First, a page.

• Resilience
  • Agility
  • Teamwork
  • Innovation
  • Work ethic
  • Leadership
  • Problem-solving

Many employees likely found that the pandemic was a crash course in soft skills development and enhancement. Some employees, for example, who were not in leadership roles before working remotely, may have found themselves stepping up and helping their teammates rise to the occasion.

Maybe you were among them. If you found yourself helping colleagues find their remote-work sea legs, or you helped fill communication gaps, these leadership skills are definitely worth mentioning in your next job interview.  Perhaps you recognized your own skills gaps and upskilled to meet the moment. The efforts you made to rise to the pandemic’s challenges are likewise important to discuss during your post-pandemic interviews.

Agility, flexibility, and resilience are also key soft skills. Many employees leaned on these heavily as they adjusted to the demands of the pandemic workload. “The global pandemic was the world’s biggest experiment in remote work, and it definitely has changed the way both employers and employees view work and the workplace. And, these views will likely continue to change as we all adjust to the post-pandemic workplace, which will likely be different than what existed before.” Explains Lori B. Rassas, HR Consultant, executive coach, and author of It’s About You Too: How To Manage Employee Resistance to Your Diversity Initiatives and Improve Workplace Culture and Profitability.  

Showing your potential employers that you are flexible and you know how to manage a crisis is impressive. “Individuals seeking new roles should be certain to let prospective employers know that they are adaptable and understand the need to remain flexible as new policies and procedures are established. The reality is that most employers do not yet know what their future workforce will look like.” Rassas explains.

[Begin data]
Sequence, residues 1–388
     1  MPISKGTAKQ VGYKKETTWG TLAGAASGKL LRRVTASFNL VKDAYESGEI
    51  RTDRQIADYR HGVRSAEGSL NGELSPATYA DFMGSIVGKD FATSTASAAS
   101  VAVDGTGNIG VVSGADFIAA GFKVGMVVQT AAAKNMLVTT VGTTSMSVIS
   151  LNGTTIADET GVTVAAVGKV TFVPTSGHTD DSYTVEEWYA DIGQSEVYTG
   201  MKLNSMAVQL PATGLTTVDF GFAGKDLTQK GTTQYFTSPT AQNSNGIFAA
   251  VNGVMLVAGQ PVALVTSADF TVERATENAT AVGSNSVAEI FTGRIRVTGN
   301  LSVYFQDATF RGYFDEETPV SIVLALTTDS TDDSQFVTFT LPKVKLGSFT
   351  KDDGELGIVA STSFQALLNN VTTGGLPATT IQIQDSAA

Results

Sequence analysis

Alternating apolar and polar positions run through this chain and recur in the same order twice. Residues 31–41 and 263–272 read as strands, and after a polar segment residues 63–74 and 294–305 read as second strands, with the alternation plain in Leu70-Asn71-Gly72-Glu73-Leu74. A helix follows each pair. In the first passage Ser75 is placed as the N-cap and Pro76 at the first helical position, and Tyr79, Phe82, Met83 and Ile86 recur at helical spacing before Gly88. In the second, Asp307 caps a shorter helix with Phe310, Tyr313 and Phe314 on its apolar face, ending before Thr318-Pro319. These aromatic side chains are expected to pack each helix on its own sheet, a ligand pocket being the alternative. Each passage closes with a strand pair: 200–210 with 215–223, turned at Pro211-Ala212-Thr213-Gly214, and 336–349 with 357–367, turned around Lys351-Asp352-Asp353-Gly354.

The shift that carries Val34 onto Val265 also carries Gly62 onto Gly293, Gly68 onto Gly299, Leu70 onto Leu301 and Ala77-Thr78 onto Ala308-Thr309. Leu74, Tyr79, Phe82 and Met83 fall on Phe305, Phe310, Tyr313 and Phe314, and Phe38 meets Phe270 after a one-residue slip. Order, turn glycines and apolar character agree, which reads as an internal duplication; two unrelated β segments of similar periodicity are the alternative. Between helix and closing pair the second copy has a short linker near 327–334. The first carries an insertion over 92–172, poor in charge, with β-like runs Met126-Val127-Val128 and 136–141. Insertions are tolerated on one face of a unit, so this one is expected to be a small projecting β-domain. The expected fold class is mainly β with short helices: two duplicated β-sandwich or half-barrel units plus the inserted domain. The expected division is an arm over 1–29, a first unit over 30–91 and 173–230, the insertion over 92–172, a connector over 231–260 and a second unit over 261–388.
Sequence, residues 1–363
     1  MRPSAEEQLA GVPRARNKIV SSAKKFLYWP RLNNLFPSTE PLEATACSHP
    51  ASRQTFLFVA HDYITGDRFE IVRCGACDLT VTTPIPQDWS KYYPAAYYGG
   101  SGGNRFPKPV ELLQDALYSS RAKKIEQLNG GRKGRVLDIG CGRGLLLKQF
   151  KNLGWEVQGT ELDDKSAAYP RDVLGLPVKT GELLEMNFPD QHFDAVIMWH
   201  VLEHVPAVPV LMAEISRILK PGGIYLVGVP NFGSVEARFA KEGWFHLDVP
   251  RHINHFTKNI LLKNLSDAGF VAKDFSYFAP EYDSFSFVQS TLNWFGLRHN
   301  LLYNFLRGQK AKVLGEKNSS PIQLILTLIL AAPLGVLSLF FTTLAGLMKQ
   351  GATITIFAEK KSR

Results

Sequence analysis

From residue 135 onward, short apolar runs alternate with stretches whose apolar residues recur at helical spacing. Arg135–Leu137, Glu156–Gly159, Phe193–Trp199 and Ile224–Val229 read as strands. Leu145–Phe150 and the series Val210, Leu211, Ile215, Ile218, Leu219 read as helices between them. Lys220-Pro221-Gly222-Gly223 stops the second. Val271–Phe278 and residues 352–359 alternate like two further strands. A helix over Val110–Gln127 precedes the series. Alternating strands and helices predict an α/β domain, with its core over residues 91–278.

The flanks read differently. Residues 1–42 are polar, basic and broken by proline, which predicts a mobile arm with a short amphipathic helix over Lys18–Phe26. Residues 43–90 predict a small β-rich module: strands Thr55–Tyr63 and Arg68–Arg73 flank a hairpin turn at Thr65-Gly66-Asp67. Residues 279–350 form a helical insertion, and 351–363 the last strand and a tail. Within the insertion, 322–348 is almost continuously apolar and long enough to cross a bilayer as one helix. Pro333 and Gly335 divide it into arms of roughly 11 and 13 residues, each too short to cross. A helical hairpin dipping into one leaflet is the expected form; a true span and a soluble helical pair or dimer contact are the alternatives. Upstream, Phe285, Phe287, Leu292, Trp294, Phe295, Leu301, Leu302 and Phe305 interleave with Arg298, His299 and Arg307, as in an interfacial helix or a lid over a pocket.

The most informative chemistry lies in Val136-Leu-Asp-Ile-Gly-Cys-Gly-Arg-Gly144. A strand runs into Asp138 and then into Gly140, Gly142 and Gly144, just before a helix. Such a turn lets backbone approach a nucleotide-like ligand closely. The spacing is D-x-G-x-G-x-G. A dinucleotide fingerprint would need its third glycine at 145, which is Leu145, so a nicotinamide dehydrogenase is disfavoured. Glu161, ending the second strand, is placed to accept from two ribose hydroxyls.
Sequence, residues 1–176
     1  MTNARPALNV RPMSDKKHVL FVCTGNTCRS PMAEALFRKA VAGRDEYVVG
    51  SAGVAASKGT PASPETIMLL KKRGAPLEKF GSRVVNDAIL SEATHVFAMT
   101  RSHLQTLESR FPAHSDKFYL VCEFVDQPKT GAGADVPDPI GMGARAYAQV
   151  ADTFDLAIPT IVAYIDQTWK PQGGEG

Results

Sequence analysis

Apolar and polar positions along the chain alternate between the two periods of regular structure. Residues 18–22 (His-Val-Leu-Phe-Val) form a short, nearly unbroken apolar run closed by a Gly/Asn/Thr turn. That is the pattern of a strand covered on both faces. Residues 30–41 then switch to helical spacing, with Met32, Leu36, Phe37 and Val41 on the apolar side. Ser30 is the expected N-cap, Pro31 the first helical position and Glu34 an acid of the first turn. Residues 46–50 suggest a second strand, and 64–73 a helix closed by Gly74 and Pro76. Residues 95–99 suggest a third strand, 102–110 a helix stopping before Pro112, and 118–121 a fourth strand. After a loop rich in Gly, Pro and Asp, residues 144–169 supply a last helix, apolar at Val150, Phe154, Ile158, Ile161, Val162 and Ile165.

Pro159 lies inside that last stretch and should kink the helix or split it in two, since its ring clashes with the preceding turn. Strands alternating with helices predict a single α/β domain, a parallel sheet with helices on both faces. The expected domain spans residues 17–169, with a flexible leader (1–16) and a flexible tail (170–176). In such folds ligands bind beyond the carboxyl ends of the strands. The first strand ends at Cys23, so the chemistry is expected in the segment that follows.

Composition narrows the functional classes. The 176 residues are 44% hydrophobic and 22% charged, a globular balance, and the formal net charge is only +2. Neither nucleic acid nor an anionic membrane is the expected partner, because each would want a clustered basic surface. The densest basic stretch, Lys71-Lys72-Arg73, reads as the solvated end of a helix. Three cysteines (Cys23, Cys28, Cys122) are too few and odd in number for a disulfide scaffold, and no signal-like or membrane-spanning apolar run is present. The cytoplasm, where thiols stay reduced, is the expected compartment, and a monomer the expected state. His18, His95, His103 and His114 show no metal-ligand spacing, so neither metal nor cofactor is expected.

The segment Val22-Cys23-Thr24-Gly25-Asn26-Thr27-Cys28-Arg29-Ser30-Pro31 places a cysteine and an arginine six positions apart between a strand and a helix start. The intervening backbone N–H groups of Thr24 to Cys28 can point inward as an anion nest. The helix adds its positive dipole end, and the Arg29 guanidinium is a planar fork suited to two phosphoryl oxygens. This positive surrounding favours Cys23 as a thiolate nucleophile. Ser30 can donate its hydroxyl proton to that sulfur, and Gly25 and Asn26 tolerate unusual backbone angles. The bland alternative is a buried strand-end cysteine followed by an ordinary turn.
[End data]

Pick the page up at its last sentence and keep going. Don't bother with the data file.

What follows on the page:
Make the case.

You can help prospective employers shape a future that is still emerging for them, just as you did during the pandemic. Look at the results you were able to achieve thanks to your soft skills. Then come to your post-pandemic interviews ready to discuss those skills and that data.

Discuss new hard skills you learned.

Maybe you had to greet customers, clients, or students. Perhaps your role was taking temperatures and ensuring that all guests, students, and participants followed protocol. Maybe you had to learn a new app or program to cover for a colleague who was taxed with another dimension of service. Perhaps Zoom was new to you, and now you’re using it to teach daily classes or facilitate meetings or workshops.

Whatever new skills you had to adapt to make operations run smoothly, those are important to mention during future interviews. You rose to the occasion. You made it work. You did all of this on the fly, and you learned about yourself, your skills, and your talents along the way.